This document is concerned with testing and evaluation of the viral safety of biotechnology products derived from characterized cell lines of human or animal origin (i.e., mammalian, avian, insect), and outlines data that should be submitted in the marketing application/registration package. For the purposes of this document, the term virus excludes nonconventional transmissible agents like those associated with Bovine Spongiform Encephalopathy (BSE) and scrapie. Applicants are encouraged to discuss issues associated with BSE with the regulatory authorities.
The scope of the document covers products derived from cell cultures initiated from characterized cell banks. It covers products derived from in vitro cell culture, such as interferons, monoclonal antibodies, and recombinant deoxyribonucleic acid (DNA)-derived products including recombinant subunit vaccines, and also includes products derived from hybridoma cells grown in vivo as ascites. In this latter case, special considerations apply and additional information on testing cells propagated in vivo is contained in Appendix 1
. Inactivated vaccines, all live vaccines containing self-replicating agents, and genetically engineered live vectors are excluded from the scope of this document.
The risk of viral contamination is a feature common to all biotechnology products derived from cell lines. Such contamination could have serious clinical consequences and can arise from the contamination of the source cell lines themselves (cell substrates) or from adventitious introduction of virus during production. To date, however, biotechnology products derived from cell lines have not been implicated in the transmission of viruses. Nevertheless, it is expected that the safety of these products with regard to viral contamination can be reasonably assured only by the application of a virus testing program and assessment of virus removal and inactivation achieved by the manufacturing process, as outlined below.
Three principal, complementary approaches have evolved to control the potential viral contamination of biotechnology products:
(1) Selecting and testing cell lines and other raw materials, including media components, for the absence of undesirable viruses which may be infectious and/or pathogenic for humans;
(2) Assessing the capacity of the production processes to clear infectious viruses;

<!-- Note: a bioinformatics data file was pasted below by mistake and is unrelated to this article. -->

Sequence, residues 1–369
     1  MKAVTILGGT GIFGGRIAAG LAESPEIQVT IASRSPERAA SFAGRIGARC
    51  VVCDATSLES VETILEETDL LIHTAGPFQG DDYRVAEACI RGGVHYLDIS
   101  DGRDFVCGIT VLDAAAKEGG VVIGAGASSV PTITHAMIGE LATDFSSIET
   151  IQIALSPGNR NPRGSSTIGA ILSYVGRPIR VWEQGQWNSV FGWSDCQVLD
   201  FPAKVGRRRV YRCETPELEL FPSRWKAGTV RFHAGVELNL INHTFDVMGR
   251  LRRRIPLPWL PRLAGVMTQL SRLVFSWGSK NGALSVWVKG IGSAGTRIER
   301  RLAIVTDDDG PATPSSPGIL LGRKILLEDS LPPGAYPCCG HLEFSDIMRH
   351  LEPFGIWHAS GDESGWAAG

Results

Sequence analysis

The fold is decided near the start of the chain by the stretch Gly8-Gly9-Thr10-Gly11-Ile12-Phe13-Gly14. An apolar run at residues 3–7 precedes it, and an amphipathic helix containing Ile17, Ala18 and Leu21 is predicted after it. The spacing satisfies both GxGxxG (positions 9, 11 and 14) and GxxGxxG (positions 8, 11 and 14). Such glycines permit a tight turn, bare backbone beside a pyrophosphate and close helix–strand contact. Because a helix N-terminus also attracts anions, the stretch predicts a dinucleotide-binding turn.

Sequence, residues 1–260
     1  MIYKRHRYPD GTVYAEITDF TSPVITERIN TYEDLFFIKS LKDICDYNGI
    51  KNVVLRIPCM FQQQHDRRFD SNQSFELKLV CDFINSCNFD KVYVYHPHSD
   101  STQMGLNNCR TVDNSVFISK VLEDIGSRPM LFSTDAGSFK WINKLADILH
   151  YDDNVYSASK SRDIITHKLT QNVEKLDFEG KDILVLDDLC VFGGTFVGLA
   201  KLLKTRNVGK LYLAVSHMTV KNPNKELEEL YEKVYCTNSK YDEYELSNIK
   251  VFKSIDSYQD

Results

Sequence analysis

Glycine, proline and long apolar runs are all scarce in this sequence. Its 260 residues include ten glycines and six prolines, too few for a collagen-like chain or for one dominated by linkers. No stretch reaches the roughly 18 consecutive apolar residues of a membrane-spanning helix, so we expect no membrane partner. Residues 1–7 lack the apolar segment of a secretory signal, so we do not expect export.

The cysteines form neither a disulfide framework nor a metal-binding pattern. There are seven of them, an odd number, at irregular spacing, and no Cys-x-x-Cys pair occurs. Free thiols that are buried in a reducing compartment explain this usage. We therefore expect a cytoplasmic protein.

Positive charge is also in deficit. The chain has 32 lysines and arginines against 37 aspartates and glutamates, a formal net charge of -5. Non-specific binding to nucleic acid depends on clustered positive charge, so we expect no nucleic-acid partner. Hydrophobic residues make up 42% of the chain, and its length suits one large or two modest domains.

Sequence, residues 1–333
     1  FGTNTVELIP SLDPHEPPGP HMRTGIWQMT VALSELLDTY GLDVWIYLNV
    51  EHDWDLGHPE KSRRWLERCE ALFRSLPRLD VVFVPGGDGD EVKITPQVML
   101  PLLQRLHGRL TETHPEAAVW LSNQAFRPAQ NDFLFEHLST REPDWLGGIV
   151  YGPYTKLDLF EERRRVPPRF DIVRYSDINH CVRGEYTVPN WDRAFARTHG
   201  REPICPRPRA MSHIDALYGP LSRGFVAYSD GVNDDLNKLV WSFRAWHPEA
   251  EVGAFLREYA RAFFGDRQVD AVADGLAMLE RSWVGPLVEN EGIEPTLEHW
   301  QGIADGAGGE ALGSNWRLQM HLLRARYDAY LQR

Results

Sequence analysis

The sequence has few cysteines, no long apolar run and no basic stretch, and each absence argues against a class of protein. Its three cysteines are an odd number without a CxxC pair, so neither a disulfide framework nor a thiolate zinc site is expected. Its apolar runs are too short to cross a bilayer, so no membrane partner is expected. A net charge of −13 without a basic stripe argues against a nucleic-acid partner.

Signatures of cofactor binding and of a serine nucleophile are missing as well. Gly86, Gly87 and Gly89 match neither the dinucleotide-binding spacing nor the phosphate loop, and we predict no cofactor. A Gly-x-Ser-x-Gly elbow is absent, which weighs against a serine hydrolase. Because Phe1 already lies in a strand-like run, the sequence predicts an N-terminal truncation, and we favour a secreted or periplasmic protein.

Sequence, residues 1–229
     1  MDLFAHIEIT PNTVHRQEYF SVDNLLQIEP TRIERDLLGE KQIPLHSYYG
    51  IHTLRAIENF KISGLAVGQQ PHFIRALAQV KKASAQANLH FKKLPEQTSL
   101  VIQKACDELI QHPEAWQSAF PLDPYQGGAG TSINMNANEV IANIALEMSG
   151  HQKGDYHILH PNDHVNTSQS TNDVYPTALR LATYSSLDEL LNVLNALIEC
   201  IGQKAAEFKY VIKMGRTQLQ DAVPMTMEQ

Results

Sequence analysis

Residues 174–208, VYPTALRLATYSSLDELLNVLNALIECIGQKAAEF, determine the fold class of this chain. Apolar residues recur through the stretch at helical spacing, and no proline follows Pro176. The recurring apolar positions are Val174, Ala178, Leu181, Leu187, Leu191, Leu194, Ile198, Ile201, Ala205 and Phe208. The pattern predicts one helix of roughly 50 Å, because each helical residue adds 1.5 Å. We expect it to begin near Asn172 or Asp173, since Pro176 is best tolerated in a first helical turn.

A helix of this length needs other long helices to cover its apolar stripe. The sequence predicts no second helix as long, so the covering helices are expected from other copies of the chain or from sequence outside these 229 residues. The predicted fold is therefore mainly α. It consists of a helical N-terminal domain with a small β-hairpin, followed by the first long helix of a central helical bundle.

(3) Testing the product at appropriate steps of production for absence of contaminating infectious viruses.
All testing suffers from the inherent limitation of quantitative virus assays, i.e., that the ability to detect low viral concentrations depends for statistical reasons on the size of the sample. Therefore, no single approach will necessarily establish the safety of a product. Confidence that infectious virus is absent from the final product will in many instances not be derived solely from direct testing for their presence, but also from a demonstration that the purification regimen is capable of removing and/or inactivating the viruses.
The type and extent of viral tests and viral clearance studies needed at different steps of production will depend on various factors and should be considered on a case-by-case and step-by-step basis. The factors that should be taken into account include the extent of cell bank characterization and qualification, the nature of any viruses detected, culture medium constituents, culture methods, facility and equipment design, the results of viral tests after cell culture, the ability of the process to clear viruses, and the type of product and its intended clinical use.
The purpose of this document is to describe a general framework for virus testing, experiments for the assessment of viral clearance, and a recommended approach for the design of viral tests and viral clearance studies. Related information is described in the appendices and selected definitions are provided in the glossary.
Manufacturers should adjust the recommendations presented here to their specific product and its production process. The approach used by manufacturers in their overall strategy for ensuring viral safety should be explained and justified. In addition to the detailed data that is provided, an overall summary of the viral safety assessment would be useful in facilitating the review by regulatory authorities. This summary should contain a brief description of all aspects of the viral safety studies and strategies used to prevent virus contamination as they pertain to this document.